Covid-19 restrictions in Valley to continue until September 2Chief district officers of Kathmandu, Lalitpur and Bhaktapur have decided to extend prohibitory orders by a week.
District Administration Offices of Kathmandu, Lalitpur and Bhaktapur have decided to extend the ongoing prohibitory orders by a week until September 2.
The Valley districts have been under prohibitory orders, barring public mobility and vehicular movements, since August 19 midnight as an attempt to contain the spread of the virus. The orders last week were announced for a week until midnight of August 26.
An official confirmed that prohibitory orders have been extended by a week.
“We have decided to extend the prohibitory orders as there still is a threat of the virus spread,” said the official.
The government last week granted authority to chief district officers to impose prohibitory orders or even a curfew in their respective districts to contain the spread of the coronavirus in the wake of the rising number of Covid-19 cases in the country.
Kathmandu Valley was put under prohibitory orders after there was a sudden surge in the number of Covid-19 cases.
As of Tuesday, the Valley has reported 3,718 coronavirus cases–2,955 in Kathmandu, 462 in Lalitpur and 301 in Bhaktapur.
As many as 232 new cases were reported from the Valley on Tuesday, with 199 from Kathmandu, 19 from Lalitpur and 14 from Bhaktapur.
People will be barred from traveling except in the cases of emergency while all businesses and shops not providing essential services will remain closed until the prohibitory orders are in place.
Frequently asked questions about the coronavirus outbreak
UPDATED as of September 22, 2020
What is Covid-19?
Covid-19, short for coronavirus disease, is an illness caused by the coronavirus SARS-CoV-2, short for severe acute respiratory syndrome coronavirus 2. Common symptoms of the disease include fever, dry cough, fatigue, shortness of breath and breathing difficulties. In severe cases, the infection can cause pneumonia, severe acute respiratory syndrome, kidney failure and even death.
How contagious is Covid-19?
Covid-19 can spread easily from person to person, especially in enclosed spaces. The virus can travel through the air in respiratory droplets produced when a sick person breathes, talks, coughs or sneezes. As the virus can also survive on plastic and steel surfaces for up to 72 hours and on cardboard for up to 24 hours, any contact with such surfaces can also spread the virus. Symptoms take between two to 14 days to appear, during which time the carrier is believed to be contagious.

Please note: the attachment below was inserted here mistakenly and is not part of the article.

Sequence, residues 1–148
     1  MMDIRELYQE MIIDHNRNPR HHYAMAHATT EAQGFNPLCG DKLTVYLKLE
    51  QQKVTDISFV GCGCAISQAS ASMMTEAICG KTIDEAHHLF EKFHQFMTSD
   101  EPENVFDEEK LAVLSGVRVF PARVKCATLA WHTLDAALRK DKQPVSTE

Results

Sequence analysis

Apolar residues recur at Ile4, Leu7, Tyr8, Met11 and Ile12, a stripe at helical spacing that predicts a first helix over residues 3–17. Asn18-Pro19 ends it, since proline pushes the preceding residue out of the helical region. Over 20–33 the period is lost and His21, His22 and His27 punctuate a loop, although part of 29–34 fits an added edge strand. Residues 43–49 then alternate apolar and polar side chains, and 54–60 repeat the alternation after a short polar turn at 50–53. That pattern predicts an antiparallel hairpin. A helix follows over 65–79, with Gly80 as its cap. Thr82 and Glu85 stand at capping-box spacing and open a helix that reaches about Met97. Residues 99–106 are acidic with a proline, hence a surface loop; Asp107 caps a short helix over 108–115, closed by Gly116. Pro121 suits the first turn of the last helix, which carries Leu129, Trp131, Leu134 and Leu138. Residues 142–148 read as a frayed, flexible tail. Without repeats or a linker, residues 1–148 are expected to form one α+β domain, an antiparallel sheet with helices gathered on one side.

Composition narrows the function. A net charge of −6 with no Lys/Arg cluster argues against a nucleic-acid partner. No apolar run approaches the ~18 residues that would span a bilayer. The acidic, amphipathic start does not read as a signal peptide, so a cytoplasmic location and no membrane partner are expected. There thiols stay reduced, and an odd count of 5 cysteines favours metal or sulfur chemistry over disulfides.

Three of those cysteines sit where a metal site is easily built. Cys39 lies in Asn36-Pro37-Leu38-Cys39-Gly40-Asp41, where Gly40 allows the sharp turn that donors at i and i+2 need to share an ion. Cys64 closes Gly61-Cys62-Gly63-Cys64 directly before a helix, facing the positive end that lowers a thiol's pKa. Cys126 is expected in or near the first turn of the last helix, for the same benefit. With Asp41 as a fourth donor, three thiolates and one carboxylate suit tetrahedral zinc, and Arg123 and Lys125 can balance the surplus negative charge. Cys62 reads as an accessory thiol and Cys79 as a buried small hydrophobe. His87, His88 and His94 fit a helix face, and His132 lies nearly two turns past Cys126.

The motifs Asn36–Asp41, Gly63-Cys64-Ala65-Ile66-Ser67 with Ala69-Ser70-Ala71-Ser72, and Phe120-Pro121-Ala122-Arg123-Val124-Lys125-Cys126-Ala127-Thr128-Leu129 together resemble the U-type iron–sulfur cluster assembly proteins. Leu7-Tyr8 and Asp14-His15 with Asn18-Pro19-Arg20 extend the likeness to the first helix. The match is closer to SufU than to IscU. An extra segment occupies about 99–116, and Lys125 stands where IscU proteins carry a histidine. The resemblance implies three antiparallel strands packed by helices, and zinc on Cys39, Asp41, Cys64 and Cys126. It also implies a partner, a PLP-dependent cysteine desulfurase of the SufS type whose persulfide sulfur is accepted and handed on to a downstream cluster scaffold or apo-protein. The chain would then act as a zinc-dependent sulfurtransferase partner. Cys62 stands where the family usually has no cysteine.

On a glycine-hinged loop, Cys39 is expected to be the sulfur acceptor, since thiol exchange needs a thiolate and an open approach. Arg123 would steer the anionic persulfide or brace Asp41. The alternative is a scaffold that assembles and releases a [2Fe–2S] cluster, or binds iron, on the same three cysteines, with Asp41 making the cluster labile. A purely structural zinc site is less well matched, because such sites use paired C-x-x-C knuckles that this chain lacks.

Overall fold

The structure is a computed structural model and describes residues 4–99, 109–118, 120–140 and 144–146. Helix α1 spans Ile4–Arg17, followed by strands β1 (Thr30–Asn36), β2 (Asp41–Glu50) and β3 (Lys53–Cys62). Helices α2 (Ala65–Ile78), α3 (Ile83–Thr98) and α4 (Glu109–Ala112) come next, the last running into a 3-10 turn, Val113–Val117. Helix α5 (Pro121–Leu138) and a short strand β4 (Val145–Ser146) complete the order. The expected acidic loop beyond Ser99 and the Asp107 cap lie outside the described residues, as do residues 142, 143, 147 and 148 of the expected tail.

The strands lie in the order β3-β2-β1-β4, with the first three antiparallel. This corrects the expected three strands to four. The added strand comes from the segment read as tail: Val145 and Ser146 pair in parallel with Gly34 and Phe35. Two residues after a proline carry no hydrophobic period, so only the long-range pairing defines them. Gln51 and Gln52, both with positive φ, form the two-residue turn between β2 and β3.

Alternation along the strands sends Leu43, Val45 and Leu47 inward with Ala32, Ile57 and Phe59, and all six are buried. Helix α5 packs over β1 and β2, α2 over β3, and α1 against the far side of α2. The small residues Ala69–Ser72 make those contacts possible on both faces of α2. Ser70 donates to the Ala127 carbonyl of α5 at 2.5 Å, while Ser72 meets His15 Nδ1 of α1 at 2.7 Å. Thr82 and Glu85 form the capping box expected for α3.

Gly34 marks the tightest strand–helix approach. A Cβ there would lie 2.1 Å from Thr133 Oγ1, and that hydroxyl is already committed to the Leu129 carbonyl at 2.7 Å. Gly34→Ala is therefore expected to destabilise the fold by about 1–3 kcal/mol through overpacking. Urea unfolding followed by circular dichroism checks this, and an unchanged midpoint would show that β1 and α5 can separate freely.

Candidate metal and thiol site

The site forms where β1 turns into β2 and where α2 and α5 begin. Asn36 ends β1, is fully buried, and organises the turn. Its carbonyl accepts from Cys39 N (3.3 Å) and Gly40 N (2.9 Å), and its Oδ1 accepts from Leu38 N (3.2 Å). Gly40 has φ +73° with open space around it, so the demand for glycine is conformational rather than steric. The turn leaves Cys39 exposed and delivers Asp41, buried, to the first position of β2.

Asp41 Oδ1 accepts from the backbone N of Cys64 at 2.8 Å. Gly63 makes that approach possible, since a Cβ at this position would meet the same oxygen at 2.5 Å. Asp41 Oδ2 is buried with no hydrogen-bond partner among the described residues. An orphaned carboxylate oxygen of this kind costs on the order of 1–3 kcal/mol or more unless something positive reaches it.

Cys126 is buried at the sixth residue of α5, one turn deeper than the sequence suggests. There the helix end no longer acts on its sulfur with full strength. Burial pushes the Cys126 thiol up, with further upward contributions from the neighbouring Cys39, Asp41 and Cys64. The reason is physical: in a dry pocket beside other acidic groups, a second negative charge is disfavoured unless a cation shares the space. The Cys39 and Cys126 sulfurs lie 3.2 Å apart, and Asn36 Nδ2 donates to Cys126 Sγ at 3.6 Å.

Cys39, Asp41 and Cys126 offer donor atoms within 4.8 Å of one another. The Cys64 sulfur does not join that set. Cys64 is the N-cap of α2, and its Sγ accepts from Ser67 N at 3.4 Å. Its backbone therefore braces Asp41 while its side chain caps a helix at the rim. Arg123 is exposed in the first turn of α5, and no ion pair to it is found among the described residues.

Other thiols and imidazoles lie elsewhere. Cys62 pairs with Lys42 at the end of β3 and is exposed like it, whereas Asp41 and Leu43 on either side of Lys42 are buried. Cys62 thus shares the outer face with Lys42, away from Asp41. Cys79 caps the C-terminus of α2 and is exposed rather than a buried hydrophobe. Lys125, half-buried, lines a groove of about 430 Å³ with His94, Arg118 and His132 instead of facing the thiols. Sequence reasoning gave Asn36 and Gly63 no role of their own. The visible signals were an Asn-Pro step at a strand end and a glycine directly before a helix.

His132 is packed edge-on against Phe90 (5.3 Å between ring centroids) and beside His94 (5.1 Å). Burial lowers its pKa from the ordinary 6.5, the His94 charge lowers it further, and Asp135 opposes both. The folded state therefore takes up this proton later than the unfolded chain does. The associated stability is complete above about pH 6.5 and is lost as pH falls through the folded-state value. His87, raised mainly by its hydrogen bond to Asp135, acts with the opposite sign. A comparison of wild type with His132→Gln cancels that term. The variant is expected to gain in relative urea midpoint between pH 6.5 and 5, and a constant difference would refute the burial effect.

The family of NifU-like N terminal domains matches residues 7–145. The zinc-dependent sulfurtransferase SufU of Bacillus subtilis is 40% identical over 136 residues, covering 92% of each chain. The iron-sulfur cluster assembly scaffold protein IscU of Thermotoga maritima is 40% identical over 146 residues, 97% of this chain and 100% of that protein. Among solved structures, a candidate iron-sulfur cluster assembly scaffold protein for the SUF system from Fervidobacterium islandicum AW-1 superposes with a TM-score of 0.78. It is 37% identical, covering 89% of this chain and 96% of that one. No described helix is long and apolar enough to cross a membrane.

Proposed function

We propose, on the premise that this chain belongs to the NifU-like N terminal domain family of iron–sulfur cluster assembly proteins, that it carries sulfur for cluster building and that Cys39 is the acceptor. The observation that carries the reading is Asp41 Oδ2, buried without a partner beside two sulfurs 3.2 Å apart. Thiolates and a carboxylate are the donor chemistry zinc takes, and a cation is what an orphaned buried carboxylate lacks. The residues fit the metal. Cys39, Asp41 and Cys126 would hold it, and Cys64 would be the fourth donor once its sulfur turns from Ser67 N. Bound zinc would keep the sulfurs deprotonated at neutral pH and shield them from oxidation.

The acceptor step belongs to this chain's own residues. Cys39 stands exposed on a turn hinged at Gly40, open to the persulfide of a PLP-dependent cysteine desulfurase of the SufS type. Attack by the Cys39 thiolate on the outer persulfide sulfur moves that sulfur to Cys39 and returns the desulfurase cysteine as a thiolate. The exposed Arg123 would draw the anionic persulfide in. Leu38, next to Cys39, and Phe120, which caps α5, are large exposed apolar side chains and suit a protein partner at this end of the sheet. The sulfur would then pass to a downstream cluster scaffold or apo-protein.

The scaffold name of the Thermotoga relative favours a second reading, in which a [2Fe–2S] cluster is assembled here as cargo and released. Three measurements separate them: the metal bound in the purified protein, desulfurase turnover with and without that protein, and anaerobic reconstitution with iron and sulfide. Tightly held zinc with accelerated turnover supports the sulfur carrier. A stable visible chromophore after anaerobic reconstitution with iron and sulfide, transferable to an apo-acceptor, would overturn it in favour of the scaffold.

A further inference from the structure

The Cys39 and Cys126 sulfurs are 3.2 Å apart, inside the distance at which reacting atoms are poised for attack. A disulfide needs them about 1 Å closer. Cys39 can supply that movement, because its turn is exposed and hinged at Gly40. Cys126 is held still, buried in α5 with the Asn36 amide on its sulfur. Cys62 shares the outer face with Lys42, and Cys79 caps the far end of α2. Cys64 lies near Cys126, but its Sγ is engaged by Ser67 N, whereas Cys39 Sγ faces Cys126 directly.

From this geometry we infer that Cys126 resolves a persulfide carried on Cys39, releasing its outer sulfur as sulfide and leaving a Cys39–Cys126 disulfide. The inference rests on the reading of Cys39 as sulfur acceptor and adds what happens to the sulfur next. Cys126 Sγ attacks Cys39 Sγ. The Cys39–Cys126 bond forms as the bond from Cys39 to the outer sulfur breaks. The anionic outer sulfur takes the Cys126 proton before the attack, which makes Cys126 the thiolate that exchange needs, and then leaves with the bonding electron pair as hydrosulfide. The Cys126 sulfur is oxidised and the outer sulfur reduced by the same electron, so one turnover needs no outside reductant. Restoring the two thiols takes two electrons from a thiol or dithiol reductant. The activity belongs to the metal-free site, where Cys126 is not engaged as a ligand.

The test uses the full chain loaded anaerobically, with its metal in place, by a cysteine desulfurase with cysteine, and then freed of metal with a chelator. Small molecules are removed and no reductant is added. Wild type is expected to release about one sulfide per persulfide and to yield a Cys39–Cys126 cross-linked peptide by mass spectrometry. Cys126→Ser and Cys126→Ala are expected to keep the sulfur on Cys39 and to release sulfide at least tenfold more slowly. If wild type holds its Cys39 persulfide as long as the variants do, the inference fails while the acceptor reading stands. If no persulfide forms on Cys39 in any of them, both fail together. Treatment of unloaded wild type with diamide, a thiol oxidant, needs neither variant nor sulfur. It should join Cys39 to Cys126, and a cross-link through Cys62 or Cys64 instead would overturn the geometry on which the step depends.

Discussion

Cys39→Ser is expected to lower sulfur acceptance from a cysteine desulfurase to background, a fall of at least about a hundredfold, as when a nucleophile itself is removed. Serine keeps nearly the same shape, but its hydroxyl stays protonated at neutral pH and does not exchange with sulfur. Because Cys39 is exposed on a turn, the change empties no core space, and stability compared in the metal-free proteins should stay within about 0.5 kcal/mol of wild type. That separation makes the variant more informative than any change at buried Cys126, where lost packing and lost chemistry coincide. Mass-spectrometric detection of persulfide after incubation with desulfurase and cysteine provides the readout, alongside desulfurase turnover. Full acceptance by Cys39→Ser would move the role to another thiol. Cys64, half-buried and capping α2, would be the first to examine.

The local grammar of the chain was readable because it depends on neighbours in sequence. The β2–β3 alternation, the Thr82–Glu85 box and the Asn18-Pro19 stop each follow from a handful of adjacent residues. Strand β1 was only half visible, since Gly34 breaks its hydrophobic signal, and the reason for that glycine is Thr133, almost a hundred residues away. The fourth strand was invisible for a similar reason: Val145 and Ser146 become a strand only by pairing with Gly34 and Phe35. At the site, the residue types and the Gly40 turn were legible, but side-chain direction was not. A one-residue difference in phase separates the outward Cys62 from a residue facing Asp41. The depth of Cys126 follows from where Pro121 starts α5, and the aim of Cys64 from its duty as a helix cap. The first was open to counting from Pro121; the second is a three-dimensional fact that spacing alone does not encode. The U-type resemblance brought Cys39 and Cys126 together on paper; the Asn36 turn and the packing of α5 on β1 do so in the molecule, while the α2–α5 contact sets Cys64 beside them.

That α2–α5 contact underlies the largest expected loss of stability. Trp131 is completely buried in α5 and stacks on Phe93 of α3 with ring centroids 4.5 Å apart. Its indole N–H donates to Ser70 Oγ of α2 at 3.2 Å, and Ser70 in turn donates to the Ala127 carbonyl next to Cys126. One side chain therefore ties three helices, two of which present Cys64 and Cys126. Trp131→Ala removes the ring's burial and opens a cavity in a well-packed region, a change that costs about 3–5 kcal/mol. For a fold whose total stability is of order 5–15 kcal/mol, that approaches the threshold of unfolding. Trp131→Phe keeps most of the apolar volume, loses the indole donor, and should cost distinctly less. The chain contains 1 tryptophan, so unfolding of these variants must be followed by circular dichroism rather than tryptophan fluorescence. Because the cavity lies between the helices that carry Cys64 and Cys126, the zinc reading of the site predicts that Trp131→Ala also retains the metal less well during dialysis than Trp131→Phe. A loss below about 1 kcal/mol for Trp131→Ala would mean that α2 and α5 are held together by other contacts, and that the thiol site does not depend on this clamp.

Where did the virus come from?
The virus was first identified in Wuhan, China in late December. The coronavirus is a large family of viruses that is responsible for everything from the common cold to Middle East Respiratory Syndrome (MERS) and Severe Acute Respiratory Syndrome (SARS). After an initial outbreak in Wuhan that spread across Hubei province, eventually infecting over 80,000 and killing more than 3,000, new infection rates in mainland China have dropped. However, the disease has since spread across the world at an alarming rate.
What is the current status of Covid-19?
The World Health Organisation has called the ongoing outbreak a “pandemic” and urged countries across the world to take precautionary measures. Covid-19 has spread to 213 countries and territories around the world and infected more than 31,405,983 people with 967,505 deaths and 22,990,260 recoveries. In South Asia, India has reported the highest number of infections at 5,557,573 with 88,943 deaths. While Pakistan has reported 306,304 confirmed cases with 6,420 deaths. Nepal has so far reported 65,276 cases with 427 deaths.
How dangerous is the disease?
The mortality rate for Covid-19 is estimated to be 3.6 percent, but new studies have put the rate slightly higher at 5.7 percent. Although Covid-19 is not too dangerous to young healthy people, older individuals and those with immune-compromised systems are at greater risk of death. People with chronic medical conditions like heart disease, diabetes and lung disease, or those who’ve recently undergone serious medical procedures, are also at risk.
How do I keep myself safe?
The WHO advises that the most important thing you can do is wash your hands frequently with soap and water for at least 20 seconds or use hand sanitizers with at least 60 percent alcohol content. Avoid touching your eyes, nose and mouth with unclean hands. Clean and disinfect frequently used surfaces like your computers and phones. Avoid large crowds of people. Seek medical attention if symptoms persist for longer than a few days.
Is it time to panic?
No. The government has imposed a lockdown to limit the spread of the virus. There is no need to begin stockpiling food, cooking gas or hand sanitizers. However, it is always prudent to take sensible precautions like the ones identified above.